I am annoyed with myself for mentioning the radiation. I guess I was a little nervous, so I wanted to say what other people seem to be saying, but I know pretty well the “radiation” is a lower dose than you would get just be being at 30,000 feet anyway.

The second TSA guy took me aside, I stood on the mat with my feet in the foot marks, and he did the enhanced patdown. It wasn’t so bad, it was mostly like the regular one: all around the arms, legs, waist, back and front. When it came to the groinal areas, he went as far as the upper thigh and no further. There was no cupping. It wasn’t like the bit from Andrew Dice Clay about an examination at the doctors, “Then he starts jugglin’ my cojones like he’s looking fer ripe tomaters! I said ‘back off man this ain’t no fuckin’ social call!'”.

That was that. Cassie opted out as well, and she says it was the same for her with her TSA lady. All pretty friendly, and utterly pointless. But just to reiterate: There was no cupping.

Rockety Bye

I’ve been reading various snippets about a band in the UK currently getting hyped by the long-since-post-relevant NME and various other media as the “saviours of rock”. Music blog (and my chums) Both Bars On have alluded to them in passing tweets, and then yesterday I read this piece on The Quietus, which discusses the whole thing.

It points out that this band have had a number of different names and styles over the last couple of years. This isn’t a crime in itself – musicians do this all the time, but to jump from genre to genre and name to name just to chase the hype, at the same time as trying to make a name for yourself as gobby upstarts with an opinion on everything, playing proper rock and standing out in a supposed sea of mediocrity, smacks of dishonesty. If your shtick is that you’re raw and real and new, thereby implying that stuff that isn’t raw and real and new is inferior, you don’t get to have a history of cynically changing your shtick to get the press to like you.

Also, “new”? From what I’ve read, they sound like a sloppy pub rock band. “Oh but they’re so raw” – do shut up. “First four Oasis singles” – you too.

It reminds me of how Tiger Lily, an also-ran glam rock band from the UK in the 1970’s , changed their name and style and became slick New Romantic bandwagoneers Ultravox: a shameless switch to the new big thing.Although Love’s Great Adventure was pretty good, and I remember the battle for the top spot between Vienna and In The Air Tonight. It was a pretty divisive competition amongst the pre-teens of Plover Way, and I can’t honestly remember which side I was on, but I know I was right (even if that means liking a Phil “I Thought You Said You Were Leaving The Country” Collins song). I was young.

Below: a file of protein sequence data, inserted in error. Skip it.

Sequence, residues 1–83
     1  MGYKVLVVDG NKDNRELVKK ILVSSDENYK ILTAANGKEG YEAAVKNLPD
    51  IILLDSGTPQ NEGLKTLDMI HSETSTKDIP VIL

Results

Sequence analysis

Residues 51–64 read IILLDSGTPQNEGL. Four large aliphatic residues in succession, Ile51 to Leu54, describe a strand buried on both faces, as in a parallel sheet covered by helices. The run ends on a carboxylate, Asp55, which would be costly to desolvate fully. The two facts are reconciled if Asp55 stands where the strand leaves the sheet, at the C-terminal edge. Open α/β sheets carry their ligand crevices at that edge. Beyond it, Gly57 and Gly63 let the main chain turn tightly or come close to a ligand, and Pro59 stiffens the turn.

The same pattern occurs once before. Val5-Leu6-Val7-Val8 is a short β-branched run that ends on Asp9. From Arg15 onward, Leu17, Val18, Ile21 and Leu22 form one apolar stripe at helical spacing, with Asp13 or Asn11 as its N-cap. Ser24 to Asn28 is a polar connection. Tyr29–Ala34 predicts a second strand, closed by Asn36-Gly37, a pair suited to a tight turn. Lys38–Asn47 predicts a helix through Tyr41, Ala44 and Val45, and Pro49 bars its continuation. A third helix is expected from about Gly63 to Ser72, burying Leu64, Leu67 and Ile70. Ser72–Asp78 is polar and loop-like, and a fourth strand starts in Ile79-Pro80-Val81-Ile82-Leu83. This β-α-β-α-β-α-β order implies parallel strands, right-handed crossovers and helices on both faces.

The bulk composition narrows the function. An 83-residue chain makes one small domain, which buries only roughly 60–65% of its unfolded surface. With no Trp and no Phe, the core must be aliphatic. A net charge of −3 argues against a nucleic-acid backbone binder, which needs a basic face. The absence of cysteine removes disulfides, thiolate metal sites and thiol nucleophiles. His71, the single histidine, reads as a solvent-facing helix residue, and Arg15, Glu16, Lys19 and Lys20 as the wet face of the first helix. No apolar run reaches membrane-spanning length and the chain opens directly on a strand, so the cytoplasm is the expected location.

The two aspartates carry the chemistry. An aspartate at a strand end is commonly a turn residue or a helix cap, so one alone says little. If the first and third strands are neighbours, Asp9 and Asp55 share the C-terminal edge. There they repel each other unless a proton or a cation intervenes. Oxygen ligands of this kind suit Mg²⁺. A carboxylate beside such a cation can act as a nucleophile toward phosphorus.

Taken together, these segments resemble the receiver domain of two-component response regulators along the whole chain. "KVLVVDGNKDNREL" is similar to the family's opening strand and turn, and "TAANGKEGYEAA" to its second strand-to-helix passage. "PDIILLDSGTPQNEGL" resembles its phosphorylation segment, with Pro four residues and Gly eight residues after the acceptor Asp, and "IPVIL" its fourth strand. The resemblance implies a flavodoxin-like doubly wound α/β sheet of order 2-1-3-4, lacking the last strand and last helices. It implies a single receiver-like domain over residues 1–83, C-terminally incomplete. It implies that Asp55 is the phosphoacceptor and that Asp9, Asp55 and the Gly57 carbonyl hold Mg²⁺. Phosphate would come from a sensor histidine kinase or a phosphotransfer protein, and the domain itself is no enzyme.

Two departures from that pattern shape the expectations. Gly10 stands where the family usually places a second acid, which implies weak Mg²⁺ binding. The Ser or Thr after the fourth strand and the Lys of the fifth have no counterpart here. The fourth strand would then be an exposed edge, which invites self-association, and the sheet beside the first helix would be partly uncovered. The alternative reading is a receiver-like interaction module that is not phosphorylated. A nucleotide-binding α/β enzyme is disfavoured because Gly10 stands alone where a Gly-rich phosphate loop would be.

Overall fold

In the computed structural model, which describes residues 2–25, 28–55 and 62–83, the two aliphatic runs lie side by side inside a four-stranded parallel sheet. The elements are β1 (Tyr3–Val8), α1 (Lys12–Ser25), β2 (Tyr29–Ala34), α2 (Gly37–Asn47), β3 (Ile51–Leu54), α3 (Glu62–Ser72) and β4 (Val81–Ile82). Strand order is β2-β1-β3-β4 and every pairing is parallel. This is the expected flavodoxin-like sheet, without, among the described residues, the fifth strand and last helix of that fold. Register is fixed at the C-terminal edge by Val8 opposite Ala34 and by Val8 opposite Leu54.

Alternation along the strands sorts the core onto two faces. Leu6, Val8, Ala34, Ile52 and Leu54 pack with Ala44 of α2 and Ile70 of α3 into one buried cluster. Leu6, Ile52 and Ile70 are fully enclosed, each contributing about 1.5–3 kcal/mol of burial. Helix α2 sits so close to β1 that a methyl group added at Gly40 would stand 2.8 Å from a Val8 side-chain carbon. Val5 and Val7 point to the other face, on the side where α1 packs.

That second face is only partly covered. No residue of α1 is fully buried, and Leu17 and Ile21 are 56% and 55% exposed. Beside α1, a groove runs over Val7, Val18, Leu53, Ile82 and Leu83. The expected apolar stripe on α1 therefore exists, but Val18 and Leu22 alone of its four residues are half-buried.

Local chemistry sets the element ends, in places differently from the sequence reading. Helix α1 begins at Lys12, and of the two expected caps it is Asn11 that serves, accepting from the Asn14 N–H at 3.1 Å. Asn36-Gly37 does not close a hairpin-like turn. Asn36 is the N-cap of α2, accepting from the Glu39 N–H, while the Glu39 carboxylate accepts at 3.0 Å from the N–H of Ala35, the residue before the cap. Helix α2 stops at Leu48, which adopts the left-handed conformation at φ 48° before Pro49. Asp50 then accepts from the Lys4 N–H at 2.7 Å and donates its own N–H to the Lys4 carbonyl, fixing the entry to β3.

The Quietus makes a good point about how the not-so-hip not-so-young gunslingers of the traditional music press are pushing this lot, while the huge independent music blogosphere doesn’t give two shites about them, because it means that if they “make it” (whatever that means nowadays – playing a Buckingham Palace benefit?), then the press get to say “they’re ours”, and then proceed to drive them until they break, then pull them to pieces.

(And then later they get to write books about Royal celebrities, and claim they have GRAVITAS – had to get that in)

Meanwhile, people are making music, people are listening to it and going to gigs, and the world turns, all without the need for next-big-thing hype.

The band seem to revel in calling music from this side of the pond “that American shit” – but what do they mean? I’m no music expert, and my tastes have been calcifying with age as I’ve mentioned before, but they surely can’t be unaware of the amazing variety of music in the US and in the UK. Unless of course they mean the stuff that gets into the charts, and that would reveal a not-particularly-startling level of (studied?) ignorance. Surely they know the charts are barely relevant these days, and arguably haven’t been for years, perhaps decades.

It’s another example of the dangers of describing something as more real or authentic than then others: if something is “real”, then something else is unreal, unauthentic, and saying so can have a alienating effect. To be continued.

Take a Jumbo, ‘cross the water…

muteboy posted a photo:

Take a Jumbo, 'cross the water...

There’s fruit in it!